• SUMMARY
  • In one embodiment, a method for providing an interaction between a user and an embodied conversational agent (ECA), is disclosed. The method comprises receiving, by an interaction device, conversation data of a user interacting with the ECA, wherein the ECA is presented on an interface of the interaction device. The method further comprises determining, by the interaction device, an emotional state of the user based on one or more behavioral parameters associated with the conversation data of the user. The method comprises identifying, by the interaction device, a response state for the ECA corresponding to the emotional state of the user, wherein the response state is identified from a plurality of response states based on a pre-defined probability for each response state. The method further comprises transitioning, by the interaction device, behavior of the ECA based on the response state.
  • In one embodiment, an interaction device for providing an interaction between a user and an embodied conversational agent (ECA), is disclosed. The interaction device comprises a processor and a memory communicatively coupled to the processor. The memory stores processor instructions, which, on execution, causes the processor to receive conversation data of a user interacting with the ECA, wherein the ECA is presented on an interface of the interaction device. The processor further determines an emotional state of the user based on one or more behavioral parameters associated with the conversation data of the user. The processor identifies a response state for the ECA corresponding to the emotional state of the user, wherein the response state is identified from a plurality of response states based on a pre-defined probability for each response state. The processor further transitions behavior of the ECA based on the response state.
  • In one embodiment, a non-transitory computer-readable medium storing computer-executable instructions is disclosed. The instructions comprises receiving conversation data of a user interacting with the ECA, wherein the ECA is presented on an interface of the interaction device and determining an emotional state of the user based on one or more behavioral parameters associated with the conversation data of the user. Further, the instructions comprises identifying a response state for the ECA corresponding to the emotional state of the user, wherein the response state is identified from a plurality of response states based on a pre-defined probability for each response state and transitioning behavior of the ECA based on the response state.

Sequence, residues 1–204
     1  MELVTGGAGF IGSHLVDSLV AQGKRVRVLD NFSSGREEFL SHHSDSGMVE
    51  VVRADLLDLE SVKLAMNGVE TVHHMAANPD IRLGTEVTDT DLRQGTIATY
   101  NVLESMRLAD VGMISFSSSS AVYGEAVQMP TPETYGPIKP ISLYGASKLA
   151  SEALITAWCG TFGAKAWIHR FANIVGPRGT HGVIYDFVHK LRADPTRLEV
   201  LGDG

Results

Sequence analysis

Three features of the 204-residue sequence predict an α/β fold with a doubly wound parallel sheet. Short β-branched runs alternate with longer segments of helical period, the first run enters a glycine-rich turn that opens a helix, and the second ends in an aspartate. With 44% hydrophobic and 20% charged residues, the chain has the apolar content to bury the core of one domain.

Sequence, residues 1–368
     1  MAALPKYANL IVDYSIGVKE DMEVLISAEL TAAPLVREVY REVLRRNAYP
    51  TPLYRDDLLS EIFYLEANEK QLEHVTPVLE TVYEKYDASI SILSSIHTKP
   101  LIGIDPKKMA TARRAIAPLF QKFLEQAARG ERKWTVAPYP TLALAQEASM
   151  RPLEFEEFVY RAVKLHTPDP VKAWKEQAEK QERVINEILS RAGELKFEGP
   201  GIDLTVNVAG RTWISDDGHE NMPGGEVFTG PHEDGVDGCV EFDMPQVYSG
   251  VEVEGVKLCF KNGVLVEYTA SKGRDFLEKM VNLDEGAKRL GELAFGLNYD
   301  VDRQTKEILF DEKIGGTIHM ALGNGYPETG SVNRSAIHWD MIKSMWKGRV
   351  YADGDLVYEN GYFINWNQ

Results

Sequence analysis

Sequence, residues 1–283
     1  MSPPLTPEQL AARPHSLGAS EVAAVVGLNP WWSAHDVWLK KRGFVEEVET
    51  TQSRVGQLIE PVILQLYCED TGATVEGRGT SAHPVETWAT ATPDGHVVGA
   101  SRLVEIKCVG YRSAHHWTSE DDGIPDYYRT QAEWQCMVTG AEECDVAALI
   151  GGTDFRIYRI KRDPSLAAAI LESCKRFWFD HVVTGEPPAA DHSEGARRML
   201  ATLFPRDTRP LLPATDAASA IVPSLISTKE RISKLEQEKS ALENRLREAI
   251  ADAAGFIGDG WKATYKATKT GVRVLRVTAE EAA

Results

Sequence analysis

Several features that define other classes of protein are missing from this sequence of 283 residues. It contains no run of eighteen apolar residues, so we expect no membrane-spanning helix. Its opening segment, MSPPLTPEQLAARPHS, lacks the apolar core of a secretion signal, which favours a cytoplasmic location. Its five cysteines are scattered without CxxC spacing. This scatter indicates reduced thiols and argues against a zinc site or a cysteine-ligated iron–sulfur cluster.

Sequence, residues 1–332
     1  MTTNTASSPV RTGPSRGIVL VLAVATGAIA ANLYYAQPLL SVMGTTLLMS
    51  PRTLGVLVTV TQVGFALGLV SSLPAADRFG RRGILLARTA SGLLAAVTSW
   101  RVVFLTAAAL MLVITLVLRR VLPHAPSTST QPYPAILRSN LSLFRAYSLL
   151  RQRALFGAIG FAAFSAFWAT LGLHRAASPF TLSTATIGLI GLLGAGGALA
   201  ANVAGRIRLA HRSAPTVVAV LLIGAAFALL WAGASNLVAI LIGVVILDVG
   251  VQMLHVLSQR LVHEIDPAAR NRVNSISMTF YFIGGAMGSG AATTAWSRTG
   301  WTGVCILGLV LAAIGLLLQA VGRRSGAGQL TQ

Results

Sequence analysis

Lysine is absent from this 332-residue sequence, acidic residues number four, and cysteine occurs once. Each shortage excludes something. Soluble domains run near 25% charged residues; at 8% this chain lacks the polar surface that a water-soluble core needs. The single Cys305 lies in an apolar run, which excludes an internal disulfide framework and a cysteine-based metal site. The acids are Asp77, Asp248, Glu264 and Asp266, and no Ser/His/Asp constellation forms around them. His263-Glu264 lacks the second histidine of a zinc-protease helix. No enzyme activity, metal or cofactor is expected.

• It is to be understood that both the foregoing general description and the following detailed description are exemplary and explanatory only and are not restrictive of the invention, as claimed.
  • BRIEF DESCRIPTION OF THE DRAWINGS
  • The accompanying drawings, which are incorporated in and constitute a part of this disclosure, illustrate exemplary embodiments and, together with the description, serve to explain the disclosed principles.
    • FIG. 1 illustrates an exemplary network implementation comprising an interaction device for providing an interaction between a user and an Embodied Conversational Agent (ECA), according to some embodiments of the present disclosure.
    • FIG. 2 is a flow diagram illustrating a method for providing an interaction between a user and the ECA, in accordance with some embodiments of the present disclosure.
    • FIG. 3 is a block diagram of an exemplary computer system for implementing embodiments consistent with the present disclosure.
    DETAILED DESCRIPTION
  • Exemplary embodiments are described with reference to the accompanying drawings. Wherever convenient, the same reference numbers are used throughout the drawings to refer to the same or like parts. While examples and features of disclosed principles are described herein, modifications, adaptations, and other implementations are possible without departing from the scope of the disclosed embodiments. It is intended that the following detailed description be considered as exemplary only, with the true scope being indicated by the following claims.
  • The present subject matter discloses a system and method for providing an interaction between a user and an Embodied Conversational Agent (ECA). The system and method may be implemented in a variety of computing systems. The computing systems that can implement the described method(s) include, but are not limited to a server, a desktop personal computer, a notebook or a portable computer, hand-held devices, and a mainframe computer. Although the description herein is with reference to certain computing systems, the system and method may be implemented in other computing systems, albeit with a few variations, as will be understood by a person skilled in the art.
  • Working of the system and method for providing the interaction between the user and the ECA is described in conjunction with FIGS. 1-3. It should be noted that the description and drawings merely illustrate the principles of the present subject matter. It will thus be appreciated that those skilled in the art will be able to devise various arrangements that, although not explicitly described or shown herein, embody the principles of the present subject matter and are included within its scope. Furthermore, all examples recited herein are principally intended expressly to be only for pedagogical purposes to aid the reader in understanding the principles of the present subject matter and are to be construed as being without limitation to such specifically recited examples and conditions. Moreover, all statements herein reciting principles, aspects, and embodiments of the present subject matter, as well as specific examples thereof, are intended to encompass equivalents thereof. While aspects of the systems and methods can be implemented in any number of different computing systems environments, and/or configurations, the embodiments are described in the context of the following exemplary system architecture(s).